Construction is under way on the new Tappan Zee Bridge, and while it isn’t expected to be completed until 2018, the state still hasn’t figured out how to pay for the lion’s share of it. That’s a problem that must be addressed soon, because steep toll hikes are obviously going to be a big part of the solution, and the longer the Thruway waits to begin phasing them in, the steeper — and more politically difficult — they’re likely to be.
Tolls on the bridge have been kept artificially low — $5 per round-trip — for years. The reason, according to a report in Wednesday’s New York Times, is the region lacks the train and bus options that commuters using the George Washington Bridge have.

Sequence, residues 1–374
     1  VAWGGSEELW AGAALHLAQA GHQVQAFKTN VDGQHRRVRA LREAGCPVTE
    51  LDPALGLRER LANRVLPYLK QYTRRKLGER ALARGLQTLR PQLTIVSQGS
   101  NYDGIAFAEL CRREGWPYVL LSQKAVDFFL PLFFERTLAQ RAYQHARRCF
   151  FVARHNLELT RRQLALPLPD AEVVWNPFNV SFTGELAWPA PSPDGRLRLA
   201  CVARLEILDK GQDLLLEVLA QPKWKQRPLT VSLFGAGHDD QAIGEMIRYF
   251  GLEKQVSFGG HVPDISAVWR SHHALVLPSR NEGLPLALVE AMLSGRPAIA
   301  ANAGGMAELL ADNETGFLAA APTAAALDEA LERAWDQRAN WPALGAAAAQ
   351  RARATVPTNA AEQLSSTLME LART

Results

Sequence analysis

That should change somewhat with the new Tappan Zee, at least as far as buses are concerned, but if state officials are planning to raise tolls anywhere near the $13 currently charged on the GWB — and they say the money being borrowed to build the bridge will be paid back primarily with toll revenue — they certainly shouldn’t wait until the new bridge is finished to get started.
The project is expected to cost $3.9 billion, but that doesn’t include likely cost overruns, debt service on the bonds or the improved bus system. Only $1.6 billion has been lined up so far, so some tough decisions have be made, the sooner the better. Unfortunately, the Thruway Authority still hasn’t appointed a task force to even study the issue.